Since David Cameron made his case for extending UK bombing to Syria in the House of Commons last week, that case has been coming apart at the seams. No wonder he is trying to hurry the debate through parliament this week.
He knows that opposition to his ill-thought-out rush to war is growing. On planning, strategy, ground troops, diplomacy, the terrorist threat, refugees and civilian casualties, it’s become increasingly clear the prime minister’s proposal simply doesn’t stack up.
That’s why the respected House of Commons foreign affairs select committee – whose critical report on his bombing plans was the focus of the prime minister’s statement – tonight made clear he had not adequately addressed their concerns.
After the despicable and horrific attacks in Paris last month, the issue of whether what Cameron proposes strengthens – or undermines – our own security is crucial. There is no doubt that the so-called Islamic State (Isil) group has imposed a reign of terror on millions in Iraq, Syria and Libya. And there is no doubt that it poses a threat to our own people. The question is now whether extending the UK bombing from Iraq to Syria is likely to reduce, or increase, that threat – and whether it will counter, or spread, the terror campaign Isil is waging in the Middle East.
The prime minister has been unable to explain why extending airstrikes to Syria – which is already being bombed by the US, France, Russia and other powers – will make a significant military impact on a campaign that has so far seen Isil gain territory, such as the cities of Ramadi in Iraq and Palmyra in Syria, as well as lose it.
Crucially, he has failed to convince almost anyone that, even if British participation in the current air campaign were to tip the balance, there are credible ground forces able to take back Isil-held territory.
Last week the prime minister suggested that Kurdish forces or the Free Syrian Army would be able to play that role. He even claimed there is a 70,000-strong force of moderate FSA fighters ready to coordinate on the ground with a western air campaign.
That claim has not stood up to basic scrutiny. Kurdish forces will be of little assistance in the Sunni Arab areas Isil controls. Nor will the FSA – which is now a disparate umbrella group, including elements few would regard as moderate, and mostly operating in other parts of the country. The only ground forces now able to take advantage of a successful bombing campaign are the stronger jihadist and radical Salafist groups.
That’s why the logic of an intensified air campaign is mission creep and western boots on the ground, whatever the prime minister says now about the deployment of British combat troops.
UN security council resolution 2249, passed in the aftermath of the Paris attacks, does not give clear and unambiguous authorisation for UK airstrikes. But it’s a welcome framework, for example, for action by UN member states to cut off funding, oil revenues and arms supplies from Isil territory.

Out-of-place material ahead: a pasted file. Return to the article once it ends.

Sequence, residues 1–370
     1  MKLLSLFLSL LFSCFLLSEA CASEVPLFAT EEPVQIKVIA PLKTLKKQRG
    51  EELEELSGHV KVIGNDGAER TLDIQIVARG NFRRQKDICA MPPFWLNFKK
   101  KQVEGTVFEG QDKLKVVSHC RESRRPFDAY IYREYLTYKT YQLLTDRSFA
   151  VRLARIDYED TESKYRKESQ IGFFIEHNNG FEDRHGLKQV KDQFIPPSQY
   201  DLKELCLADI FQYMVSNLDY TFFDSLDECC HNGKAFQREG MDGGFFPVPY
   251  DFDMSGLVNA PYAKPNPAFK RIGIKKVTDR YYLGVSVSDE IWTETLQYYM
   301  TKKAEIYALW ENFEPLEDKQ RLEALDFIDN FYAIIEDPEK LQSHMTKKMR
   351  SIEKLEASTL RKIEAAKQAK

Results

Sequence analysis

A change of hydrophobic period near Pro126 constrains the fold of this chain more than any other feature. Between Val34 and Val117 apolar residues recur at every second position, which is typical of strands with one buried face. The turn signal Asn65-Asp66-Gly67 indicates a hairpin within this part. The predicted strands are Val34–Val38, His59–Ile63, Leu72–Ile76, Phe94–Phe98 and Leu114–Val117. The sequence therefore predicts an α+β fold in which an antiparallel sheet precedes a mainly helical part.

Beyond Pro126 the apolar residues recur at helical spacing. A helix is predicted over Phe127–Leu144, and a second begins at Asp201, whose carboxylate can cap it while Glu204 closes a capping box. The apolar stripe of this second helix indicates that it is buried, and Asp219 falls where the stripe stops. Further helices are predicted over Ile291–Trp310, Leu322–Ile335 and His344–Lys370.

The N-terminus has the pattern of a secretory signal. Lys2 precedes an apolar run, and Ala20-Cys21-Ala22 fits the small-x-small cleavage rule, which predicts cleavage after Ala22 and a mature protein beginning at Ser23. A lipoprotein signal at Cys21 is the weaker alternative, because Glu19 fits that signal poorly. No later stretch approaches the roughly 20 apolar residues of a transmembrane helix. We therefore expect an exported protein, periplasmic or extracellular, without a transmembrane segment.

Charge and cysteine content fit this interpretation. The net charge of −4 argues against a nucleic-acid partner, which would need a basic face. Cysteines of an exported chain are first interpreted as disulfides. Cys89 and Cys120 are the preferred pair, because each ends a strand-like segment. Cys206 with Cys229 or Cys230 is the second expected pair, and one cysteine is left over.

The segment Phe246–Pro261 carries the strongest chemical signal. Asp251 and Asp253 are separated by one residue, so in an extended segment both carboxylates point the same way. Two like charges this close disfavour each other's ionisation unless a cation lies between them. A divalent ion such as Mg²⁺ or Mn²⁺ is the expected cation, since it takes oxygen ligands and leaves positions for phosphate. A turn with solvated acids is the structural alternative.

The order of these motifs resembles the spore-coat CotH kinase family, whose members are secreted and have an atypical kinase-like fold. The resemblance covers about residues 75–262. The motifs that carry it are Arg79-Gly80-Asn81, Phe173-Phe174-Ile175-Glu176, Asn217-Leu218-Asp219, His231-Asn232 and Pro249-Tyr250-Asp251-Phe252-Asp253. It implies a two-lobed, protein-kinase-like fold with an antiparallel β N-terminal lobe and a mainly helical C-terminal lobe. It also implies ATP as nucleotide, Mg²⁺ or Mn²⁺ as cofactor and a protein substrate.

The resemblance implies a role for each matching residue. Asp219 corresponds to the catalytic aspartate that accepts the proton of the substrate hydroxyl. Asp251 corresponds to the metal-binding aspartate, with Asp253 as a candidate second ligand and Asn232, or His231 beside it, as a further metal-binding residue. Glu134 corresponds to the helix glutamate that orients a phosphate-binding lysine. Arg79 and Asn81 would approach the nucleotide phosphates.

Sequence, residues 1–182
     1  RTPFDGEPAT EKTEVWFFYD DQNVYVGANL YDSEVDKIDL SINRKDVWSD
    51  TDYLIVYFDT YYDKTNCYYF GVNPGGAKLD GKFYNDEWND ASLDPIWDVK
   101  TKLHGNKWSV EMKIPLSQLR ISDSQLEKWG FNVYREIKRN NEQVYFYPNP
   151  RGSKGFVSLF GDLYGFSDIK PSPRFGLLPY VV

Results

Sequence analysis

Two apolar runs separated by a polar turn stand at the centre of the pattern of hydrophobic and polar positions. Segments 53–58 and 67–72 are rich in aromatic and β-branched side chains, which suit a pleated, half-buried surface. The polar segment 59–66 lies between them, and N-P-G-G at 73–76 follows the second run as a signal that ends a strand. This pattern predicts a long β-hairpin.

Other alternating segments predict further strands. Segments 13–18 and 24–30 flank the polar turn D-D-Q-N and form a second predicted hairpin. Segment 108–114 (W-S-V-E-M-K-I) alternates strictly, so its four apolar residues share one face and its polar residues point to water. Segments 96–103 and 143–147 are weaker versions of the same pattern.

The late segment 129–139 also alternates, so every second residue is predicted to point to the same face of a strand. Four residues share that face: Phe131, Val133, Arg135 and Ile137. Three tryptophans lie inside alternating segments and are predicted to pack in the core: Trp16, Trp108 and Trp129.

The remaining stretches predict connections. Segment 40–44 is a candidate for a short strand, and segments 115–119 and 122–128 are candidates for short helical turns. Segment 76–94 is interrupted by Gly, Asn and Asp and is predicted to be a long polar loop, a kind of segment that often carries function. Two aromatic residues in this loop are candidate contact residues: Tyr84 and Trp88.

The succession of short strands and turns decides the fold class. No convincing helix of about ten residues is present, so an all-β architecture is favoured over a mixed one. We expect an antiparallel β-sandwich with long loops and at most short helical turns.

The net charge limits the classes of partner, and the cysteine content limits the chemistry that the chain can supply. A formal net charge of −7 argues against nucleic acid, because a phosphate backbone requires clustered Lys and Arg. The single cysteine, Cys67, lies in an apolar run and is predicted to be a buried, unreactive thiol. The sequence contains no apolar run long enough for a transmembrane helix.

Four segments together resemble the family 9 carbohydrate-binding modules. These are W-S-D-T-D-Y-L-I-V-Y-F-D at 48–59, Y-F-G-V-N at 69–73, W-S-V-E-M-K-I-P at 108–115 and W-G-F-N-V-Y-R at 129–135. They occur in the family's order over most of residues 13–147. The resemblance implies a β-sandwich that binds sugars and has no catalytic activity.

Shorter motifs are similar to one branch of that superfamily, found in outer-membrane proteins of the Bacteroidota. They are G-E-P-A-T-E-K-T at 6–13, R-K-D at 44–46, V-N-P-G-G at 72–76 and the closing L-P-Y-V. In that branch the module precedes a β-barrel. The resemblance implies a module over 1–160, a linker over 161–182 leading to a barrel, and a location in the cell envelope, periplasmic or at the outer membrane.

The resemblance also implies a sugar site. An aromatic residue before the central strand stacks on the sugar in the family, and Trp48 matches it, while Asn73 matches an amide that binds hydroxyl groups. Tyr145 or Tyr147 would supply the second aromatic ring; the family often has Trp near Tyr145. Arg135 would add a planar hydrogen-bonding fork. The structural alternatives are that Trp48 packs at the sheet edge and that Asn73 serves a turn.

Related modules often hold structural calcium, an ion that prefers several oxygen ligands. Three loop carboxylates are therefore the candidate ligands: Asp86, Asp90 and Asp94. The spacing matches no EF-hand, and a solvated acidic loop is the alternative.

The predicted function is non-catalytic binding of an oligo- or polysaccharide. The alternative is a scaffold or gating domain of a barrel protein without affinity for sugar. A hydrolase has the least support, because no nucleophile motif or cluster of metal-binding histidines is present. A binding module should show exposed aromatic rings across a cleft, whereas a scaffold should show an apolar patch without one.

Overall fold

There’s little sign, however, of that happening in earnest. Nor is there yet any serious evidence that it’s being used to coordinate international military or diplomatic strategy in Syria, despite the clear risk of potentially disastrous incidents, such as the shooting down of a Russian military aircraft by Turkish forces.
The prime minister has avoided spelling out to the British people the warnings he has surely been given about the likely impact of British airstrikes in Syria on the threat of terrorist attacks in the UK. And he’s offered no serious assessment of the impact of an intensified air campaign on civilian casualties in Isil-held Syrian territory, or on the wider Syrian refugee crisis.
Most importantly, Cameron has been entirely unable to explain how UK bombing in Syria would contribute to a comprehensive negotiated political settlement of the Syrian war. That is widely understood to be the only way to ensure the defeat of Isil in the country. Isil grew out of the invasion of Iraq, but it has flourished in Syria in the chaos and horror of a multi-front civil war.
Cameron’s approach is bomb first, talk later. But instead of adding British bombs to the others now raining down on Syria, what’s needed is an acceleration of the peace talks in Vienna, involving all the main regional and international powers, with the aim of negotiating a broad-based government in Syria that has the support of the majority of its people. In the context of such a settlement, internationally backed regional forces could help to take back territory from Isil. But its lasting defeat in Syria can only be secured by Syrians themselves.
In the past week I have aimed to give a lead to the growing opposition to Cameron’s bombing plans – in the country, in parliament and in the Labour party. Rejection of 14 years of disastrous wars in the wider Middle East was a key part of the platform on which I was elected Labour leader. However bumpy a ride that has been in parliament, it is essential to learn the lessons of those wars.
In the light of that record of western military interventions, UK bombing of Syria risks yet more of what President Obama called “unintended consequences”.
The prime minister said he wanted a consensus behind the military action he wants to take. He has achieved nothing of the kind. After Iraq, Afghanistan and Libya, MPs thinking of voting for bombing should bear in mind how terrible those consequences can be. Only a negotiated peace settlement can overcome the Isil threat.